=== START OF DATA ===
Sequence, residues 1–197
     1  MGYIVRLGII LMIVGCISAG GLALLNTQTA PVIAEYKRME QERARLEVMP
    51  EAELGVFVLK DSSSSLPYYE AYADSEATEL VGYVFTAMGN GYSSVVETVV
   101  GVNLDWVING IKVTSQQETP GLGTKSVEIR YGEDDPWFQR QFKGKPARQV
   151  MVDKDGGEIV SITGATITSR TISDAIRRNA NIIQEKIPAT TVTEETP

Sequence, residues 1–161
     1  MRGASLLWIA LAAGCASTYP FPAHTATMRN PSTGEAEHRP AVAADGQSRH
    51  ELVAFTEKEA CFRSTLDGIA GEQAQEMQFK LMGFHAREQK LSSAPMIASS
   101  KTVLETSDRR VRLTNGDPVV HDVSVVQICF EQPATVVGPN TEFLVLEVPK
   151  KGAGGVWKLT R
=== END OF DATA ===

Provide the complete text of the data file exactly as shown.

Sequence, residues 1–197
     1  MGYIVRLGII LMIVGCISAG GLALLNTQTA PVIAEYKRME QERARLEVMP
    51  EAELGVFVLK DSSSSLPYYE AYADSEATEL VGYVFTAMGN GYSSVVETVV
   101  GVNLDWVING IKVTSQQETP GLGTKSVEIR YGEDDPWFQR QFKGKPARQV
   151  MVDKDGGEIV SITGATITSR TISDAIRRNA NIIQEKIPAT TVTEETP

Sequence, residues 1–161
     1  MRGASLLWIA LAAGCASTYP FPAHTATMRN PSTGEAEHRP AVAADGQSRH
    51  ELVAFTEKEA CFRSTLDGIA GEQAQEMQFK LMGFHAREQK LSSAPMIASS
   101  KTVLETSDRR VRLTNGDPVV HDVSVVQICF EQPATVVGPN TEFLVLEVPK
   151  KGAGGVWKLT R